The solution: 
He and I worked on forming a 90 day improvement plan.  He was given small goals each shift to meet and larger goals to meet by the end of each 30 days.   Before the end of the 90 days he had made great improvements and was taken off the plan early. 

What I learned:
While I was working with him it became very clear that no one had ever informed him of the department’s expectations.  He came to work and took calls, and that was it.  He felt if something needed done, someone would tell him.  He wasn’t undermanaged, he was over managed.  He had his hand held and was never encouraged to take the initiative.   

Offline Kevin Stevens

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Re: Assignment - 3
« Reply #3 on: December 03, 2018, 02:21:46 PM »
Early in my career here we had a Firefighter that wasn't meeting expectations and was close to being let go. My self and another FF took this employee and worked with him every day for a month or more until he was well trained in his job. It wasn't difficult, This person just had no fire experience and needed help with the basic things. He was good in the EMS side of things. So we just started from scratch and worked our way through the packet. It took a little longer than most people but we got it done and he did well from then on except he had this thing we called " Tone Terror", whenever the tones would go off he would almost go into SVT. There was nothing we could do about that. Sometimes it's good for all of us to not overlook the basic things and to refresh our selves on them. I know we will get the stair chair out and work with it from time to time cause if you don't, it can make you look pretty silly on a scene. Just things like that to make life a bit easier.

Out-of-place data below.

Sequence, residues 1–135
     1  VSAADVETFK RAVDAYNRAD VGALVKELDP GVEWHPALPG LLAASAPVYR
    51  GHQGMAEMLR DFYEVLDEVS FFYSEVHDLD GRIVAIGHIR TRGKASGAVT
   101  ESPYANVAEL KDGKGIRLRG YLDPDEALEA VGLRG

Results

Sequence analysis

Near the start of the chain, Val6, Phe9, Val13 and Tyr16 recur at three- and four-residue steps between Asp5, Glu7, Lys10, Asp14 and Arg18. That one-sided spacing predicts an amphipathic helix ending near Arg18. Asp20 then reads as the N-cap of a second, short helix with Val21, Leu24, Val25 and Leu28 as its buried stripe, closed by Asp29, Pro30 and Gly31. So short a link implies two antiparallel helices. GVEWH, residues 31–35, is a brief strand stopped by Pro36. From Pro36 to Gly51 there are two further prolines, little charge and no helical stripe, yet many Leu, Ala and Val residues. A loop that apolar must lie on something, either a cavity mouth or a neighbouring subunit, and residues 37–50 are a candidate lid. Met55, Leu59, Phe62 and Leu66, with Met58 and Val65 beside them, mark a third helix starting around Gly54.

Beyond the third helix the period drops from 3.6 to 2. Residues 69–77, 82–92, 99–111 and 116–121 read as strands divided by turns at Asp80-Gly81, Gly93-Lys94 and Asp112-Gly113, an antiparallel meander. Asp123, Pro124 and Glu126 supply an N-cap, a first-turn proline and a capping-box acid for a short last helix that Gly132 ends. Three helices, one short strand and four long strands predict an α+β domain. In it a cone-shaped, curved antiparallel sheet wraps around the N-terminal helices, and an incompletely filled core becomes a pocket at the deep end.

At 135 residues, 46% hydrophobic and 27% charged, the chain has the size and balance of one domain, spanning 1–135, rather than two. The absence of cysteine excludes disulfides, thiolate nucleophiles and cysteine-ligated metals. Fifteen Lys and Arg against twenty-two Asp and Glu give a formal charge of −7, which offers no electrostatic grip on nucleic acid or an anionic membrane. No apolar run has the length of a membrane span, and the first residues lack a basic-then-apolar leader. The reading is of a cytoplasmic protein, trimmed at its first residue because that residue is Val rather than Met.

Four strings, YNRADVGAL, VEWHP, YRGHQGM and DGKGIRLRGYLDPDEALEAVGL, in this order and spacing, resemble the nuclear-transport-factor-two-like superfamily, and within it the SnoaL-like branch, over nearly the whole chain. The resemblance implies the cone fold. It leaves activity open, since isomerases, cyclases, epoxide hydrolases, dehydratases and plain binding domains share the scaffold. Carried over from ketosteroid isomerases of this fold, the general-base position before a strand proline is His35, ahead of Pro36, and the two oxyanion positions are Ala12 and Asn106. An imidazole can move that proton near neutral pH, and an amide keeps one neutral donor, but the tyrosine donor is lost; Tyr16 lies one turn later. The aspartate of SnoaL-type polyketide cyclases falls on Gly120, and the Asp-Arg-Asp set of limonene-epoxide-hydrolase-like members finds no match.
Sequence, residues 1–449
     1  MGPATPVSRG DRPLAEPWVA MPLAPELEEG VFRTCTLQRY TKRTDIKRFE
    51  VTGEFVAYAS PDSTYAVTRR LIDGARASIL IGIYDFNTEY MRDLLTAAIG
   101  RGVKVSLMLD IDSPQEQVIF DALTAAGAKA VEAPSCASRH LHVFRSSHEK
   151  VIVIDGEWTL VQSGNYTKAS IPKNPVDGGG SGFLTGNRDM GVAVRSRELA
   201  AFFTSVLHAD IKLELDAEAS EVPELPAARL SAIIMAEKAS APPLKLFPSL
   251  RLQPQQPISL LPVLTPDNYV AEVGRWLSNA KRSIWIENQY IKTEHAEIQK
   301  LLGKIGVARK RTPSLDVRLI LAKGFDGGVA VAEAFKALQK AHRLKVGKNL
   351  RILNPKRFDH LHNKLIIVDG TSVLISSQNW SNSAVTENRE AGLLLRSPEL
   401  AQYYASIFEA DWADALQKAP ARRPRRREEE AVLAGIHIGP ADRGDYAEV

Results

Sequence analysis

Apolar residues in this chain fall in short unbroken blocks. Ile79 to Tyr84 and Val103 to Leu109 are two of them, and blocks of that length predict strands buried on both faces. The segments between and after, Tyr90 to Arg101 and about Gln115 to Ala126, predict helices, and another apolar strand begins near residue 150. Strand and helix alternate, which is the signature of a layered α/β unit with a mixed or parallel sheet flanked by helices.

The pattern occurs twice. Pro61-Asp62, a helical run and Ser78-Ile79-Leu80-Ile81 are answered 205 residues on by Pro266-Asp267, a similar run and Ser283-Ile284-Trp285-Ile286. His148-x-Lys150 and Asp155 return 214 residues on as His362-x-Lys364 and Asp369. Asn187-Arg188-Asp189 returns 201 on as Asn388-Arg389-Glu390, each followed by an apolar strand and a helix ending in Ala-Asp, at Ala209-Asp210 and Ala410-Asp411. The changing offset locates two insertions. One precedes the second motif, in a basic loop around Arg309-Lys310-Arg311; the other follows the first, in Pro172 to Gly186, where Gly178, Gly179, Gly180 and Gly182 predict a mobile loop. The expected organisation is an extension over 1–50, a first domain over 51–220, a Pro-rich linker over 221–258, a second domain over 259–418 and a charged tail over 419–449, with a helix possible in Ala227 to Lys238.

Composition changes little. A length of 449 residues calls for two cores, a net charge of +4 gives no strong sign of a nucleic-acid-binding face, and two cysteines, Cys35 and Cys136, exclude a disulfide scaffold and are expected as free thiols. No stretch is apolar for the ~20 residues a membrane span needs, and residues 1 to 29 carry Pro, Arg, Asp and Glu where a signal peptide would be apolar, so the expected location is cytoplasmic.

Kevin Stevens

Offline astafford

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Re: Assignment - 3
« Reply #4 on: December 04, 2018, 07:52:07 AM »